The football club is to undertake a £60m redevelopment of the Anfield Road stand, increasing its capacity to 61,000 from 54,000 now.
Liverpool Football Club secured a 6-2 victory in favour of its proposal, at the city council’s planning committee this morning.
The plans are part of a twin application that will also grant LFC a five-year permission to host up to six non-football events a year.
KSS is the scheme’s architect, with Turley advising on planning. Sam Ryan, who has worked with LFC for more than 20 years on planning matters for its various expansion projects, addressed the committee’s various concerns at length.
The intention of LFC’s US owner Fenway Sports Group is that the project will be completed within two close season periods, with the existing stand remaining in use while the new stand is constructed behind.
Much of the debate in a session that went on for more than 90 minutes centred not around the stand itself, or even the events programme, but public space both in the LFC ownership and in Stanley Park.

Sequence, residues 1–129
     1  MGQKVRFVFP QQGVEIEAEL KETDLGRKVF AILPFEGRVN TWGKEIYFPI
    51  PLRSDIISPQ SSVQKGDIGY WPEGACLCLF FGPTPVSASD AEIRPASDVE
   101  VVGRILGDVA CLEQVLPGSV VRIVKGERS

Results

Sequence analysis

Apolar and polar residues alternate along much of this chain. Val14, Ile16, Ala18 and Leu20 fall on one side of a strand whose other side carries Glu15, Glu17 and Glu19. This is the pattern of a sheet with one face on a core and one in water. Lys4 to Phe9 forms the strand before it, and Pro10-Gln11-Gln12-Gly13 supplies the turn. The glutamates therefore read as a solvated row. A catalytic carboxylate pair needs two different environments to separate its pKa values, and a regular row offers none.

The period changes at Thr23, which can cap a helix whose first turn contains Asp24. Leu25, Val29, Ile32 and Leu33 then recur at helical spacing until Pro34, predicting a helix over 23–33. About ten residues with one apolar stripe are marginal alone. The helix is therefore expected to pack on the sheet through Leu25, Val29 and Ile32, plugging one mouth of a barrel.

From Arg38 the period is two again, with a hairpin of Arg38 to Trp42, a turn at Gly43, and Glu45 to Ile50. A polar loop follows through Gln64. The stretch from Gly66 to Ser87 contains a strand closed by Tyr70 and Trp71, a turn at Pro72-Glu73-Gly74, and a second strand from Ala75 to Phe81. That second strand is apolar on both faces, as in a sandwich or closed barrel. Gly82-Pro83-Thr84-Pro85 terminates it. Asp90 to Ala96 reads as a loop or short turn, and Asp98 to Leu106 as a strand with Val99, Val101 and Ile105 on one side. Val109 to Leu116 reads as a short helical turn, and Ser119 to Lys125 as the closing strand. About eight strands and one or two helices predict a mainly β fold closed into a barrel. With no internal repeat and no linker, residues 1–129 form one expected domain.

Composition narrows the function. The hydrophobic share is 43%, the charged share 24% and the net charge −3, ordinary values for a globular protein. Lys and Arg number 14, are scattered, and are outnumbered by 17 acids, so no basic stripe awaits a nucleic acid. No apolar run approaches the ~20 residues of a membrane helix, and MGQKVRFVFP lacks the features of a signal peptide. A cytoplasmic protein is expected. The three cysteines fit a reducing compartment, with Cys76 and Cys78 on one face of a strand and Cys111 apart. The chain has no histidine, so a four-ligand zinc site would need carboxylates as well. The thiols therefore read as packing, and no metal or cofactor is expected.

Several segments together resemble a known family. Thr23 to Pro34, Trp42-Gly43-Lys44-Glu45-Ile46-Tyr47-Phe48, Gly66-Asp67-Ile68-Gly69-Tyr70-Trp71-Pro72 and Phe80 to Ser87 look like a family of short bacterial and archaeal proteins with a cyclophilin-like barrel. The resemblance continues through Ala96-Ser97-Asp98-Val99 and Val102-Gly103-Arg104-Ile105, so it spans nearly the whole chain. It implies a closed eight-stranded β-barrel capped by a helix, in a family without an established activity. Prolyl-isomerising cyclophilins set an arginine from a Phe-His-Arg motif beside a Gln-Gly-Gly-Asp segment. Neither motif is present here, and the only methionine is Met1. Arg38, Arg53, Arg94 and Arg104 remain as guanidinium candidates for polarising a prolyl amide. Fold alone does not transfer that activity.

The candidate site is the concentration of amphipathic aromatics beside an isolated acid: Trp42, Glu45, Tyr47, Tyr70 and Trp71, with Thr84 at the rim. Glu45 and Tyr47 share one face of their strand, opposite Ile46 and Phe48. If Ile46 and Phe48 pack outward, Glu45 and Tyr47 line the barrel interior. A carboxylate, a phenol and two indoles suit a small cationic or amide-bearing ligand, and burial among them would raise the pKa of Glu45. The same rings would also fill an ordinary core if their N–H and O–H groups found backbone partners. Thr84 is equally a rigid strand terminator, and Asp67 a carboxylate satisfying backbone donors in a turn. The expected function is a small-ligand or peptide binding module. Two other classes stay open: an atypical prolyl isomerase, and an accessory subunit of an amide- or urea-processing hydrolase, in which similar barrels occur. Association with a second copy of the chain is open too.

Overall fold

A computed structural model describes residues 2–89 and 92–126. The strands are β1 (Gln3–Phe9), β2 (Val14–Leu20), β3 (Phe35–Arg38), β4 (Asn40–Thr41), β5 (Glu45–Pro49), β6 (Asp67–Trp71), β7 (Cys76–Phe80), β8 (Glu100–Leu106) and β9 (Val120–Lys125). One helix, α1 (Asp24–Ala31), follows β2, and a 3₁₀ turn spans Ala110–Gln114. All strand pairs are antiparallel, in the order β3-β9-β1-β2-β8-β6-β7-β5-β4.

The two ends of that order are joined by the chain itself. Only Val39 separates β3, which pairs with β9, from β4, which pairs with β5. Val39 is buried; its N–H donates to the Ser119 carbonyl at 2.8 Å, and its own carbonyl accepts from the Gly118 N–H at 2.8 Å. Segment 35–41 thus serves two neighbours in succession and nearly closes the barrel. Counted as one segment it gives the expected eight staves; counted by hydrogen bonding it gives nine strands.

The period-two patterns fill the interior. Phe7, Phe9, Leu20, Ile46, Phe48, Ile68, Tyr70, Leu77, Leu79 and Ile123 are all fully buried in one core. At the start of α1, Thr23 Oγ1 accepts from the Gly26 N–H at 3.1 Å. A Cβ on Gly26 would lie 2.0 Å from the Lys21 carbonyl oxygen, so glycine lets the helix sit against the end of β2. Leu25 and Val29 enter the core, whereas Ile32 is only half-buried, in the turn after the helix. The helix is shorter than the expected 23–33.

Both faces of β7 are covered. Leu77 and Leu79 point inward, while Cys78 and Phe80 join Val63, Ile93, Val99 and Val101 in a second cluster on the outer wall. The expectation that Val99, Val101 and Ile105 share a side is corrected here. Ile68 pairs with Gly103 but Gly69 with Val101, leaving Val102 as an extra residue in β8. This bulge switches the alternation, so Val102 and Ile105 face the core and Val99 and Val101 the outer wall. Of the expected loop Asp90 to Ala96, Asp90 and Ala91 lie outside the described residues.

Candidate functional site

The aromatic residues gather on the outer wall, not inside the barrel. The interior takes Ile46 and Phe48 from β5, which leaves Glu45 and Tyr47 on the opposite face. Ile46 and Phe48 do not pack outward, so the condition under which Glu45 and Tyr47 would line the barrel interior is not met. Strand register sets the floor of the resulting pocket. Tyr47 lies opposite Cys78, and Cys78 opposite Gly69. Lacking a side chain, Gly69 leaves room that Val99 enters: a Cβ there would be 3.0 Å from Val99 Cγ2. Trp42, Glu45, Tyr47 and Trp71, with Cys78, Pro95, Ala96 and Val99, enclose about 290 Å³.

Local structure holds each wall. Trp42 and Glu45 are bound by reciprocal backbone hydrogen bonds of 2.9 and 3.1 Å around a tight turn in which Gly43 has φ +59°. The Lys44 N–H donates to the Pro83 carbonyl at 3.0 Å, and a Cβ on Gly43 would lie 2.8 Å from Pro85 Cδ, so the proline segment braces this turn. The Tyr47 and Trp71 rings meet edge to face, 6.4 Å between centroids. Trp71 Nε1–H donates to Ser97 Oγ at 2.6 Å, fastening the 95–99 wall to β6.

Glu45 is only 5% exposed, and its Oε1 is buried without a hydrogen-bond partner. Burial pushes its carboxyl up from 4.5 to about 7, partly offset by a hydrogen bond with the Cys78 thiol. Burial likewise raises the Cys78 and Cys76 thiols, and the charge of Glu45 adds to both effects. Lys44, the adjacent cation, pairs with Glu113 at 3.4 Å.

Cllr Anna Key, a Green Party councillor, voted against, voicing her displeasure at the plan to remove trees as pat of a project that will see Anfield Road itself reconfigured and move into the club’s ownership.
Cllr Dave Cummings, the other dissenting voice at voting time, said that he “will not support this planning application if you do not engage,” asking for a further round of consultation with fuller information on the tree strategy. The councillor claimed that “smoke and mirrors and ambiguity” had affected the process so far.
LCC case officer Felicity Collins explained that the 16 trees to be removed within the club’s boundaries would be replaced by 25 trees, the usual threshold of two-for-one replacement not being required due to the quality of the repalcements being semi-mature trees “offering immediate amenity” and better prospects for long-term survival.
It was pointed out in addition that the enhanced listing of Stanley Park has come only in recent years following a public-private regeneration programme, with further enhancements made following the Liverpool’s main stand expansion project.
Historic England back the plans, while the wider project all falls within the requirements of the Anfield area supplementary planning document.
Ryan, now director of Ryan & May, but who still works with her long-time employer Turley on major sports projects, added that one of the council’s long-term wishes has been for improved permeability between Walton Breck Road on the far side of Anfield through to Stanley Park, and that the proposed improved access points to the park, following the already-introduced 96 Avenue, will meet that goal.
The professional team also includes Mott MacDonald, Planit-IE, SKM and Jacobs.